Nigerian dating online scams

Never agree to transfer money for someone else.

In our online dating survey, 12 percent of people say they were conned

They will tell you they need your money to cover administrative fees or taxes. Scammers may attempt to lure their victims overseas, putting you in dangerous situations that can have tragic consequences. Regardless of how you are scammed, you could end up losing a lot of money. Online dating and romance scams cheat Australians out of millions every year. The money you send to scammers is almost always impossible to recover and, in addition, you may feel long-lasting emotional betrayal at the hands of someone you thought loved you.


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If you think you have been scammed, report it to the website, app, or social media site where the scammer first approached you. If you think you have provided your account details to a scammer, contact your bank or financial institution immediately.


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We encourage you to report scams to the ACCC via the report a scam page. This helps us to warn people about current scams, monitor trends and disrupt scams where possible. Please include details of the scam contact you received, for example, email or screenshot. We also provide guidance on protecting yourself from scams and where to get help.

The Nigerian/Ghana Emergency Scam

Phishing Phishing scams are attempts by scammers to trick you into giving out your personal information such as your bank account numbers, passwords and credit card numbers. Identity theft is a type of fraud that involves using someone else's identity to steal money or gain other benefits. These scams offer you the false promise of an inheritance to trick you into parting with your money or sharing your bank or credit card details.

While these scams originated in Nigeria, they now come from all over the world.

Faking it — scammers’ tricks to steal your heart and money

Skip to Content Skip to Sitemap. Enter a search term. Home Types of scams Listen. How this scam works Warning signs Protect yourself Have you been scammed? More information Related news From the web. Identity theft Identity theft is a type of fraud that involves using someone else's identity to steal money or gain other benefits.

The dangers of romance scams and how not to get caught out.

Inheritance scams These scams offer you the false promise of an inheritance to trick you into parting with your money or sharing your bank or credit card details. Don't friend a scammer this Valentine's Day. Making a Western Union refund claim.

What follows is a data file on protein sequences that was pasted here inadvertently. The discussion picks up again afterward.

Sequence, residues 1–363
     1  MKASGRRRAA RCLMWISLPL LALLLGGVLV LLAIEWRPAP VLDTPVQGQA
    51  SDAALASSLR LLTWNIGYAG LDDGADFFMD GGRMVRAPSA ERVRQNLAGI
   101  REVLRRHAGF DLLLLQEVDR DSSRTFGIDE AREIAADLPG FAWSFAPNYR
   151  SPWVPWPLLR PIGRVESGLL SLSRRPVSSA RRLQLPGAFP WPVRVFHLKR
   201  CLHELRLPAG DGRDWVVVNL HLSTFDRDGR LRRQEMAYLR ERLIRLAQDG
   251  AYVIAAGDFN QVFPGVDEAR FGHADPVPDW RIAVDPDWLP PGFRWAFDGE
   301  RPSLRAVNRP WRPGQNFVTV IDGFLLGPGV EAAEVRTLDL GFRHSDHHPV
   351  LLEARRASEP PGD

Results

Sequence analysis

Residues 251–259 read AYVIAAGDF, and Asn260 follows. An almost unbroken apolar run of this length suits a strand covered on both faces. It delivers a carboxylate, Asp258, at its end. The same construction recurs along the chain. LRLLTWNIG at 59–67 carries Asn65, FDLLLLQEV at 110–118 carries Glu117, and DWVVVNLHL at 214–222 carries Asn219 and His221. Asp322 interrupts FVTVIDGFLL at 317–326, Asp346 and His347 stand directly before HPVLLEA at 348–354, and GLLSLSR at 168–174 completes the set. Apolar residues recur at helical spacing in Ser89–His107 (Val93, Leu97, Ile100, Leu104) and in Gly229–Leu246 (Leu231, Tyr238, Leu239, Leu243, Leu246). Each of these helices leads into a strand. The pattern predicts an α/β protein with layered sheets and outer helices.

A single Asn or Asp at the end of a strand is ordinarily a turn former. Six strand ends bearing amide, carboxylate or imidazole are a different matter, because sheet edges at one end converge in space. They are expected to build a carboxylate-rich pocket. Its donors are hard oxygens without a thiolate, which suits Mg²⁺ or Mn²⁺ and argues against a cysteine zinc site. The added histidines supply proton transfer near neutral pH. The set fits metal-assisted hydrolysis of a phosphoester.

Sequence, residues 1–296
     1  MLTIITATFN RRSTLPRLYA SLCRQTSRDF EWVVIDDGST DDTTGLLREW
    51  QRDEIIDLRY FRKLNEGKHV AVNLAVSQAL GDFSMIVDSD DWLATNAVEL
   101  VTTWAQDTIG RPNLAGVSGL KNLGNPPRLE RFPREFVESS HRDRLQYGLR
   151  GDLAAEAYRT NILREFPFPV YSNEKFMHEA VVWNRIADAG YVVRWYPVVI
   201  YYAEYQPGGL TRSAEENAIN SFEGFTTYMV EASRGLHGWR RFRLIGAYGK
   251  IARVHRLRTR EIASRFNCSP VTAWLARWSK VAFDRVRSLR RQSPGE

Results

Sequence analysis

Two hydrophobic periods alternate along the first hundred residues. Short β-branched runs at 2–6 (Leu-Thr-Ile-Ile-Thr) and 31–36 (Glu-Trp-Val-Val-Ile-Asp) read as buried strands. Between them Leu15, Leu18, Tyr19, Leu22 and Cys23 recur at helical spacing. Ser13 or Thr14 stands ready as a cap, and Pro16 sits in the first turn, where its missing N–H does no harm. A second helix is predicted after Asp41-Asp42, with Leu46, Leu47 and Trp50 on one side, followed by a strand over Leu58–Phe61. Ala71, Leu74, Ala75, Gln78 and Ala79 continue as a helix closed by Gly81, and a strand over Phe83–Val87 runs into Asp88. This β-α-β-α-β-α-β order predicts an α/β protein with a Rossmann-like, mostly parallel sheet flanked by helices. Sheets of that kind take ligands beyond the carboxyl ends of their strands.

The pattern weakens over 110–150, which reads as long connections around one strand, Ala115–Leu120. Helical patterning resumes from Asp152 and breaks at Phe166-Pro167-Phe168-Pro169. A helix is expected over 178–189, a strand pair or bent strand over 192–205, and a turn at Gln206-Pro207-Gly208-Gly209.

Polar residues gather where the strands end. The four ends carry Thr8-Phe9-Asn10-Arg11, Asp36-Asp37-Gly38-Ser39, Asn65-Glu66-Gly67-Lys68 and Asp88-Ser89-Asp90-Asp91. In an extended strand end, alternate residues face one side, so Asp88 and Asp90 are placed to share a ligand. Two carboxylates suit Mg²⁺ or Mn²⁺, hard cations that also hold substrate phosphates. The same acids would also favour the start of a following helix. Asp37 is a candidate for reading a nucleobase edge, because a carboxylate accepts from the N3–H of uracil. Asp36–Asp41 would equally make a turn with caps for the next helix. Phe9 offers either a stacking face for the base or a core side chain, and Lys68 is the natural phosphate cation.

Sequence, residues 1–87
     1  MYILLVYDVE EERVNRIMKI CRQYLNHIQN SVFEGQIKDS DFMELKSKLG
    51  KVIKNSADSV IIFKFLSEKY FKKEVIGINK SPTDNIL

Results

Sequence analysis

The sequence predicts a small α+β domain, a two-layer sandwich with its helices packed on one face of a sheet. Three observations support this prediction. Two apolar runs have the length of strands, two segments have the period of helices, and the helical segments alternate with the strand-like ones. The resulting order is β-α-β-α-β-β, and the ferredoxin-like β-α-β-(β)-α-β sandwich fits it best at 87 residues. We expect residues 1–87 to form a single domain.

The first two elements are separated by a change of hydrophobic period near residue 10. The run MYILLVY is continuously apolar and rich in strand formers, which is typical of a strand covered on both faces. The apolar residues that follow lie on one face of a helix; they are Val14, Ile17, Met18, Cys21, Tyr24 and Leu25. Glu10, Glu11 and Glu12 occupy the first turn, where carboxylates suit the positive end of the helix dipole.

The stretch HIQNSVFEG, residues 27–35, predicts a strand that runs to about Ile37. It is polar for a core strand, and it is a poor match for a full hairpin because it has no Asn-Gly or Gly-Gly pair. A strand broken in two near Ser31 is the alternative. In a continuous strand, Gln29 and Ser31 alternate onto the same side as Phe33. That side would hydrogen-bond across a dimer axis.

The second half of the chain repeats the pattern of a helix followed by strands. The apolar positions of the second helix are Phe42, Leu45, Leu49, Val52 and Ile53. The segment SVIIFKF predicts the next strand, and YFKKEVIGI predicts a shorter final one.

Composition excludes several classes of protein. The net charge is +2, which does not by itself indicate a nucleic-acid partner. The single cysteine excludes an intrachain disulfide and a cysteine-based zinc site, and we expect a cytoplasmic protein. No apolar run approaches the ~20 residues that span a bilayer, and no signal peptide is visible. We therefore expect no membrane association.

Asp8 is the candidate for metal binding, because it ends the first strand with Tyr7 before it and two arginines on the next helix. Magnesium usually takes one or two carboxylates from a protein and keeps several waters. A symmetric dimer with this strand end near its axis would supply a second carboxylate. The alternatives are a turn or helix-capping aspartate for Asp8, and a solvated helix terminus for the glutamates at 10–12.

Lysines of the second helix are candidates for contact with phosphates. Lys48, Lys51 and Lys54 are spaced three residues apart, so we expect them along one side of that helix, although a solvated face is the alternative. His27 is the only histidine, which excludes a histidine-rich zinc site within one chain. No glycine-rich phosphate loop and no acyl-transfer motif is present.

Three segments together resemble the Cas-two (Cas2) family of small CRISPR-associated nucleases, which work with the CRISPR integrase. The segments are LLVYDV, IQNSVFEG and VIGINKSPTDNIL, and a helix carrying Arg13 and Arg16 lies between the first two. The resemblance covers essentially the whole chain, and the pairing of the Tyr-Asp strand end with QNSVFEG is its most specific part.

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  8. Victims scammed via Western Union may get refunds. The FBI says it may be embarrassing for victims to report this type of fraud scheme because of the personal relationships that are developed, so the real numbers are probably higher. As one result, fear of a horrible first date is just one of the things a would-be online dater has to worry about. Eventually a pitch for money comes. Often the scammer will say an emergency situation has arisen and money is needed fast to avoid dire consequences.

    This makes it hard for the victim to do due diligence. The scammer might say that an immediate family member has a medical emergency and needs money for treatment, or that he has been wrongly arrested and needs help with bail money and legal support. Copy the images your online correspondent has posted to his or her profile, then run them through a reverse-image search engine, such as TinEye or Google Images.

    Romance scam - Wikipedia

    The website Scamalytics maintains a blacklist of scammers who use false pictures. A little online stalking can go a long way. Type the name of the person you met online into Google or Bing and see what comes up. You might not be able to surface information like criminal records, but from their social media profiles, LinkedIn page, and other information you find, you should be able to get a sense of whether what they are telling you comports with the facts.

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    Sometimes, it may be wise to dig deeper. For example, if a person you met online claims to run a business abroad, call the U. Embassy to confirm that the business exists. If you are asked to send money and feel so inclined, run the whole scenario by someone you trust. Choose a friend or someone from your church or community who is less emotionally invested than you are. Be open to their perspective. If the request for funds is indeed a scam, it may be difficult, if not impossible, to ever recover the money. Please call Member Services at Welcome to Consumer Reports.